Indoor Dining Is Returning To New York City: What You Need To Know

The day restaurants citywide have been waiting for is finally here: Governor Cuomo announced Wednesday that indoor dining can resume in New York City on September 30. 

The announcement comes with a list of restrictions and rules intended to prevent further spread of COVID-19. Restaurants will start at 25% capacity. If the citywide infection rate stays low, restaurants can increase their indoor capacity to 50% on November 1. But if the infection rate goes back up, restaurants may be forced to shut down again.

Still, the announcement is good news for local restaurants. For months, establishments have been pleading with the mayor and governor to release a plan for a return to operating indoors, particularly since the infection rate has remained below 1% for the past month. 

The service and hospitality industry has suffered considerably due to COVID-19, and the push for indoor dining was a push for its continued survival. The pandemic has been especially tough on bars and restaurants, an industry that recently employed more than 315,000 New Yorkers but has been operating at a fraction of its usual business since the city reopened. Thousands of establishments, including some of New York’s most storied diners and watering holes, have shuttered for good or shouldered a huge financial burden since the pandemic started.

Here are the restrictions for when indoor dining service relaunches at the end of the month: 

—25% occupancy limit 

—All patrons must get their temperature checked at the door 

—At least one member of each party must leave contact information for potential contact tracing if an infected person is linked to the establishment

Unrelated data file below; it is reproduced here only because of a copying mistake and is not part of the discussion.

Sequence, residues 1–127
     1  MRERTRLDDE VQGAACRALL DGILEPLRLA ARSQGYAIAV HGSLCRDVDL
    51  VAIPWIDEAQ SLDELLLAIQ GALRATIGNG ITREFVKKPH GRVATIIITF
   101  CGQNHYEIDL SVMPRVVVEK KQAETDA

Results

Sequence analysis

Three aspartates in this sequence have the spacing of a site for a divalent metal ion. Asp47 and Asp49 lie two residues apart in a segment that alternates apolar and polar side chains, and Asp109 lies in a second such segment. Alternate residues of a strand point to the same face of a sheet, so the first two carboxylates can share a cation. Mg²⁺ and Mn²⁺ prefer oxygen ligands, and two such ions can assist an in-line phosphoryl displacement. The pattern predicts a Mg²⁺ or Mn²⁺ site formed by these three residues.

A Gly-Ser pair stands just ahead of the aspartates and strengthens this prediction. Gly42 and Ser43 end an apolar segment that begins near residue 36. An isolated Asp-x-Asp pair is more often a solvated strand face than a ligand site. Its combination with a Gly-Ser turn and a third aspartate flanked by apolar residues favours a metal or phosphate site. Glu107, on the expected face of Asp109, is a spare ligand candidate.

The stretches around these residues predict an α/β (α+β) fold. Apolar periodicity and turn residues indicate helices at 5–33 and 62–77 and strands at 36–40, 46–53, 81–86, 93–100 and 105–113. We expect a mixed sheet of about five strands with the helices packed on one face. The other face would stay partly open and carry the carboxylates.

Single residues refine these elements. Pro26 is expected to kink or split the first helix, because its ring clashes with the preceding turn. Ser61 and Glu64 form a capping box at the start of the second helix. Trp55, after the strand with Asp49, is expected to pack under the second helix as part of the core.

—Service must end at midnight. (You can finish your meal if still seated but must be out by 12:30a.)

—No bar service will be allowed; table service only 

—Masks must be worn by diners at all times except when seated

—Tables must be 6 feet apart 

—Establishments must adhere to enhanced air filtration, ventilation and purification standards, though specific details on these standards are not yet available

It’s unclear how many bars and restaurants closed so far, but a New York Times report in August said as many as one-third of small businesses may have been lost for good. Expanded outdoor dining, which was introduced in June, is currently slated to last through October — it has been a hit with patrons, and some hope it will get extended indefinitely. Still, industry leaders have complained the governor’s restrictions and enforcement have been too severe, causing even more financial problems.

If you’re planning to do some indoor dining, remember to wear your mask when talking to your server and tip generously. It’s going to be a long recovery.  

photo: iStock